Serving the campus of the University of Alabama since 1894

The Crimson White

Serving the campus of the University of Alabama since 1894

The Crimson White

Serving the campus of the University of Alabama since 1894

The Crimson White

Informed voters equal better SGA

Many Americans (probably) suffer from geniophobia, a fear of chins. However, their fear was apparently not enough to keep huge chin-owner extraordinaire Jay Leno from returning to his late-night time slot.

While Leno’s monologue may leave much to be desired, one segment regularly featured on “The Tonight Show” is actually pretty interesting. “Jaywalking” features ordinary citizens from Los Angeles being asked questions of varying difficulty about current events, world politics and other prominent affairs.

Most interviewees cannot differentiate the U.S. House of Representatives from the International House of Pancakes.

While “Jaywalking” is meant to be humorous, it makes Los Angeles look like a city full of uninformed buffoons. Unfortunately, this image seems to have spread throughout the U.S., and some politicians are beginning to assume Americans have no actual knowledge of important issues.

Solution? Make empty promises about party-line issues instead of tackling real problems with tangible solutions.

Admittedly, politics is a tricky business. A candidate for political office (hopefully) wants to make a positive impact upon the lives of his or her constituents.

On the other hand, it does not mean anything unless the candidate gets elected. Politicians have to form their platforms based upon what voters in their party want to hear, not necessarily upon what is actually feasible.

If political candidates do not do this, they not only risk losing an election, but damaging their reputation. This is not only true of politics at the national and state levels, but also at the University.

In case you have not noticed the growing amount of chalk dust accumulating on your shoes, SGA election season is upon the Capstone. The University is unique compared to some universities in that our Student Government Association is directly involved in campus decision-making.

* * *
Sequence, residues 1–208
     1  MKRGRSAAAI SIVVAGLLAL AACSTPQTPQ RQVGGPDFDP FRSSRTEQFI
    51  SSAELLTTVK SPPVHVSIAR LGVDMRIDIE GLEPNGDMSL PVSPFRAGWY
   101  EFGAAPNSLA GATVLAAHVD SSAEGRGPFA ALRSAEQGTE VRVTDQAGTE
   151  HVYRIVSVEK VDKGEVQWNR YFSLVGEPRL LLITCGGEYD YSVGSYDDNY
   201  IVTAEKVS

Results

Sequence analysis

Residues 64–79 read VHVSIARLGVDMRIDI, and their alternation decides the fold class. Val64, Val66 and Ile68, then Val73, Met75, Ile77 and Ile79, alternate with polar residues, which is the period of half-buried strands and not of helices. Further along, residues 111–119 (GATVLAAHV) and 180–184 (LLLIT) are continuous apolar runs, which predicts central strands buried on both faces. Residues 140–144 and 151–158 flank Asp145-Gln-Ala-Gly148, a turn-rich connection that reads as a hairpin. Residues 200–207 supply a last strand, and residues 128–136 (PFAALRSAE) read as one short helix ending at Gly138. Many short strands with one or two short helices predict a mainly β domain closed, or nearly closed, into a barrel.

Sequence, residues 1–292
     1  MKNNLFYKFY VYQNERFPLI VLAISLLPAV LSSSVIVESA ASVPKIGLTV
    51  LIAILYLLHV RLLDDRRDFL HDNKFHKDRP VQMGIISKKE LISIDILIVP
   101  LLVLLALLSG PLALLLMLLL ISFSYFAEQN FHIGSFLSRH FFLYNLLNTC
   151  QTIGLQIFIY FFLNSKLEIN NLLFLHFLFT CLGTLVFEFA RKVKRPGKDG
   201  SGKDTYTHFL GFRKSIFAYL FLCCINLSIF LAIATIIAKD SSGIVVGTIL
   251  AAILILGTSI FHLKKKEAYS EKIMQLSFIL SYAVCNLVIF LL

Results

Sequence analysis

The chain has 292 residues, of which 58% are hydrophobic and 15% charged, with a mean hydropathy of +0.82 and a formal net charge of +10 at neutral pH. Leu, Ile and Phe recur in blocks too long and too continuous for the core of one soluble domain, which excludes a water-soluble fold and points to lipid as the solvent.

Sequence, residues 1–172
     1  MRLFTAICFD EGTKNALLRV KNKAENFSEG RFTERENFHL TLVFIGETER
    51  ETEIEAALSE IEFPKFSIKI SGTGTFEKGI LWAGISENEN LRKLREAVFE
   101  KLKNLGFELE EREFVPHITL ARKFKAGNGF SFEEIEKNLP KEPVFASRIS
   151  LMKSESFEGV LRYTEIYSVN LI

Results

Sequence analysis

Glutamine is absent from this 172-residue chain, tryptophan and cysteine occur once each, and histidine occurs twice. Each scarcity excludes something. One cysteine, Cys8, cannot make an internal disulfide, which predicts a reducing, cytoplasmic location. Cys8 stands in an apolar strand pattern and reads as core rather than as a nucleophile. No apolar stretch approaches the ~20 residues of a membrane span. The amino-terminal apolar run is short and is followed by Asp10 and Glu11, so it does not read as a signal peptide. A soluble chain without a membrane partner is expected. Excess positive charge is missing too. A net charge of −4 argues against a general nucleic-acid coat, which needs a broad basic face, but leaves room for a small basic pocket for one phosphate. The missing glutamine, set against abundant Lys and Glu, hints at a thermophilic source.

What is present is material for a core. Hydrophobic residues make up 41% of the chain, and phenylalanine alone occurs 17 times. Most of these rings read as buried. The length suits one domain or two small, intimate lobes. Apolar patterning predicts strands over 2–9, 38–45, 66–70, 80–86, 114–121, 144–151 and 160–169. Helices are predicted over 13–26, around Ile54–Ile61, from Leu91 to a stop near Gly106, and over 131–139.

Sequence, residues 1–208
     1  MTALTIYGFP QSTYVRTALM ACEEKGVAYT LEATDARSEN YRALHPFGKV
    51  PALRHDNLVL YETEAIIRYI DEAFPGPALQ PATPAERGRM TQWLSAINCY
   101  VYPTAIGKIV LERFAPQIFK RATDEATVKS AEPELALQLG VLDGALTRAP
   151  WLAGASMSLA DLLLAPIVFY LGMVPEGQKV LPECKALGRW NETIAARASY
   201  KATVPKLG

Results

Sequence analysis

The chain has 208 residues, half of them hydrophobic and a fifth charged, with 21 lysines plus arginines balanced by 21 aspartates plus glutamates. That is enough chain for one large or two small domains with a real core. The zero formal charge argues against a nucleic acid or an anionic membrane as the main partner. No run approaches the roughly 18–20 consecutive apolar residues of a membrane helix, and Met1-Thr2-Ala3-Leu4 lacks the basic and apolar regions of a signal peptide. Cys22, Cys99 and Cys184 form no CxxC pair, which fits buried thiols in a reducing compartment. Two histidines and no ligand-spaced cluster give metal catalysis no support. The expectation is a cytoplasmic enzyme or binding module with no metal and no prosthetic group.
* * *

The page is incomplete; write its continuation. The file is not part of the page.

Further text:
On other campuses, the student government president is purely a symbolic figurehead. Here, our votes actually impact the day-to-day affairs of campus. Rather than the Republican-Democrat debate that dominates national and state elections, the divide at UA is between greek and non-greek.

Year after year, numerous campaign-related columns are printed in The Crimson White (bandwagon-joiner, party of one).

Too many of these columns focus on candidates’ affiliation with the greek system (or lack thereof) rather than important campus issues. It seems that UA students have lost sight of what is at stake in the annual SGA elections.

This year I am proposing a radical change in the way many students vote: Vote based upon – you better sit down for this one – the issues.

Did “Pasadenagate” cast doubt upon the integrity of the SGA? Concerned about a candidate’s lack of executive experience in the SGA? Those are reasonable issues upon which to base one’s vote. The candidate’s hairstyle, shoe-size, and greek-affiliation are probably not.

Many students become frustrated because so many students in the greek system vote for greek-affiliated candidates. However, voting against a fully qualified candidate simply because he or she belongs to a fraternity or sorority is just as frustrating.

That is like a diehard conservative refusing to vote Republican because the Republicans’ color is red, and red is the color of communism.

Vote for the better candidate who best represents your needs and beliefs.

It is imperative for UA students to be actively involved in the political process for the SGA to best gauge the needs of the university. The SGA and other student organizations work very hard to ensure that candidates have an outlet through which to present their platform.

These outlets are useless unless students take part. Debates are a great way to hear the candidates discuss the issues and to make your voice heard by directly asking the candidates questions.

Facebook is perhaps the easiest way to find out about candidates. This time of year, it is nearly impossible not to be bombarded by requests to join several “Vote for Ally Bama for VP!” groups. While these groups can seem annoying, they often provide very helpful information about a candidate’s qualifications and platform.

There are almost 30,000 students at the University, yet only a fraction chooses to vote. This year, make each vote an informed one so that the SGA will truly represent the University as a whole.

We need as many informed voters as possible, if only to give Jay Leno less material for his show. Together we can defeat voter apathy, destroy Jay Leno’s career, and eventually eradicate geniophobia forever.

Kenzi Green is a sophomore majoring in international relations and broadcast news. Her column runs biweekly on Thursdays.

More to Discover